Accidental Locavore German Apples and PotatoesMain courses are large and perfect for sharing. We spilt a sausage plate with weisswurst, smoked baurenwurst and bratwurst. All three were really good and went well with the warm German potato salad, sauerkraut and mustard.

Schnitzel is a must and Jaeger Haus has several different varieties. We went for the classic Weiner schnitzel—veal with red cabbage and spaetzle—all good.

Accidental Locavore German Sausage PlatterAlthough we didn’t order it this time, I was the happy recipient of some leftover Schweinshaxe when my husband went there the first time. It’s a huge portion of crispy confit of pork shank, with mashed potatoes and it was tasty, even the next day. Plan on sharing it or bringing home leftovers.

Accidental Locavore German DessertIf the dessert we had is any indication, desserts are also large and very shareable. The Windbuetel is a German version of profiteroles. Instead of ice cream, these cream puffs are filled with strawberry jam and whipped cream and topped with a caramel sauce. A delicious order is 4 puffs–one for each and we were happy.

There are local and German beers and ciders. If you follow them on Facebook, you’ll get the latest specials and special beer events.

 

 

 

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Farmers and Chefs Restaurant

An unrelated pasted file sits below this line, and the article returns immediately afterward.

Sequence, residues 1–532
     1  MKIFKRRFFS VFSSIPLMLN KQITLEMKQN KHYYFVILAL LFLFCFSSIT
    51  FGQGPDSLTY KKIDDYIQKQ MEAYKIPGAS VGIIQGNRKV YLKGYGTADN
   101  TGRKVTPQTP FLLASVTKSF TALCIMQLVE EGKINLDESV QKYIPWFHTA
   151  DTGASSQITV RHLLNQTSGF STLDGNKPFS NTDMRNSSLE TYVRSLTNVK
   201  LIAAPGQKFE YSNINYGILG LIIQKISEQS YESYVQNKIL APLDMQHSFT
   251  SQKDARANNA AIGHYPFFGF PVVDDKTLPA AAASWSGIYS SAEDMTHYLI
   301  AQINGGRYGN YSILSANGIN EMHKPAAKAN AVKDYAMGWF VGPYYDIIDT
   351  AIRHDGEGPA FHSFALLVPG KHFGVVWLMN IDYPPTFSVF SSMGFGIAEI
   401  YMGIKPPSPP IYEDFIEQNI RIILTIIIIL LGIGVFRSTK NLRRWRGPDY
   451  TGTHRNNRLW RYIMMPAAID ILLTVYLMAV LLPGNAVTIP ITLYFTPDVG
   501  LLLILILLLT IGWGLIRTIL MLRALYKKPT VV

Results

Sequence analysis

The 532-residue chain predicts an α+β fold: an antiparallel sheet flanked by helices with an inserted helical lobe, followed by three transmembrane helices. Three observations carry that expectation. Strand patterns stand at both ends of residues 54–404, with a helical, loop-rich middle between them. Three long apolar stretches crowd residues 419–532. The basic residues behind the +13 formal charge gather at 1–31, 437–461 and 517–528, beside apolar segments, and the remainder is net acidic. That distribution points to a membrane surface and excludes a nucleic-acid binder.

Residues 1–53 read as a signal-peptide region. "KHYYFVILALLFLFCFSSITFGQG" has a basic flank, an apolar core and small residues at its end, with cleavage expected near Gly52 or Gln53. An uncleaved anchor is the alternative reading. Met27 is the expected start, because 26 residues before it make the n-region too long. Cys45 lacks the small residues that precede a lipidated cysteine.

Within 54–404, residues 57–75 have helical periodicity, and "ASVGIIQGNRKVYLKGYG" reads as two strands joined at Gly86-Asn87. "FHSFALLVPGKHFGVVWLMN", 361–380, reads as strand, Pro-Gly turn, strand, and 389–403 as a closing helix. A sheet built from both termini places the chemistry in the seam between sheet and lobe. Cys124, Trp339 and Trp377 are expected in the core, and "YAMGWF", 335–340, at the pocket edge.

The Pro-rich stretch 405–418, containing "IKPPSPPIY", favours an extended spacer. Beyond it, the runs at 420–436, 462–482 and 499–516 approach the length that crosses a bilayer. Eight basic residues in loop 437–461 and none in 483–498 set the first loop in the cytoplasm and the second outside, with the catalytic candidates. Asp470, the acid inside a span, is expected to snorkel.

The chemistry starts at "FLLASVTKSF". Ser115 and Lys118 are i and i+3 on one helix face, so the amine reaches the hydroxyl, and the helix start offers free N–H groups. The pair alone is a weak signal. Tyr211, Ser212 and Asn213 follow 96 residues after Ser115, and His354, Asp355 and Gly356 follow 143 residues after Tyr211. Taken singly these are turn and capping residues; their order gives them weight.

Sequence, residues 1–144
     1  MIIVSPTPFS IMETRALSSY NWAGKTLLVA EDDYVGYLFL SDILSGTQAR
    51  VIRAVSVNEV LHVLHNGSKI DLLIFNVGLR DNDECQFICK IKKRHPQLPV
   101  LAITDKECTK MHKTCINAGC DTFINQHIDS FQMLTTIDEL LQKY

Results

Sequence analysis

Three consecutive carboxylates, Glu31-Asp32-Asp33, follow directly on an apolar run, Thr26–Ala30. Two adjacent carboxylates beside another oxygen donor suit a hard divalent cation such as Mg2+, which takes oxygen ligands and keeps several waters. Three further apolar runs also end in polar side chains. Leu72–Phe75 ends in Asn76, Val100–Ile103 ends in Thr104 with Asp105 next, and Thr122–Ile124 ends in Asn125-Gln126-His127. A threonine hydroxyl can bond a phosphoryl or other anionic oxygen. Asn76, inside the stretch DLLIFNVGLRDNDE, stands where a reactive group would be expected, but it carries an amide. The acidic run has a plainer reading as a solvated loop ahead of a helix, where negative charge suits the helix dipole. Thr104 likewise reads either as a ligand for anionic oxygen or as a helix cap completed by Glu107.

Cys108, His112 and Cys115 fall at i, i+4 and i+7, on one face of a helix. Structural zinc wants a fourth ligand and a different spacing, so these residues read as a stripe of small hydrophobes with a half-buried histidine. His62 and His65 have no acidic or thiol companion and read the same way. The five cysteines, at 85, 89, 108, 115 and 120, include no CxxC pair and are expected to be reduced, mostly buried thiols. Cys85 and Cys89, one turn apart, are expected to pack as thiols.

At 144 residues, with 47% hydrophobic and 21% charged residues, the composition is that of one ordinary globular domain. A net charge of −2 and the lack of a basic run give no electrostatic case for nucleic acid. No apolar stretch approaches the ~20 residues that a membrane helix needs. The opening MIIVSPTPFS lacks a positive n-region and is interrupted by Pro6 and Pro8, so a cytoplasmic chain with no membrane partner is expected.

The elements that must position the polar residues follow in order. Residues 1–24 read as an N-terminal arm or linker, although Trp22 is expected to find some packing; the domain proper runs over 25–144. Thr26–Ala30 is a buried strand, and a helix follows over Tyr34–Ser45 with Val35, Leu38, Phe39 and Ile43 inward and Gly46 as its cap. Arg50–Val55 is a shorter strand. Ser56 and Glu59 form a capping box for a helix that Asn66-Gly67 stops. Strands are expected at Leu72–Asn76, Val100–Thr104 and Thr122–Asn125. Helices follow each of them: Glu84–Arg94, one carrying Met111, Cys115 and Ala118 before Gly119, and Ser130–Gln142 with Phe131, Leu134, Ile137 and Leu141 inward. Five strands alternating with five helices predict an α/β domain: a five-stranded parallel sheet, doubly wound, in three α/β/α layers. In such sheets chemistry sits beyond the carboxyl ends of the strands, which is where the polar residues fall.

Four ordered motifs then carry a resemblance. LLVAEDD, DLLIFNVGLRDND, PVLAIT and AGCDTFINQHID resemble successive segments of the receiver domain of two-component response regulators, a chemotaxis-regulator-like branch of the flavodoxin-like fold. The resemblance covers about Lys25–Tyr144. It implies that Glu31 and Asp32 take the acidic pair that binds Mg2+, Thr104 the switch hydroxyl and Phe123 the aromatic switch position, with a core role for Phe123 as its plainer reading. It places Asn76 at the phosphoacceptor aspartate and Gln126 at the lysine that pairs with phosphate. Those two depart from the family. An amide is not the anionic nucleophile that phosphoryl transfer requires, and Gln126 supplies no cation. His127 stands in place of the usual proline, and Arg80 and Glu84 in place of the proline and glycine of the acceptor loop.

Accidental Locavore Farmers and Chefs OctopusIf you went to a restaurant named Farmers and Chefs, you’d probably be expecting a farm-to-table experience, wouldn’t you?

Maybe I’m being a little fussy, but the first thing I thought of when I saw the menu at Farmers and Chefs was that it was surprisingly unseasonal for a place that is “Drawing inspiration from our regions [sic] beautiful Hudson Valley farms while combining the freshest in season local ingredients combined with global influences.”

In the heat of August, don’t you just yearn for steak, duck, ribs and lots of pasta? Even the specials on the night I was there, while starring heirloom tomatoes (from Poughkeepsie Farm Project) were pasta, risotto and a fish stew. Hardly light and refreshing, any of it.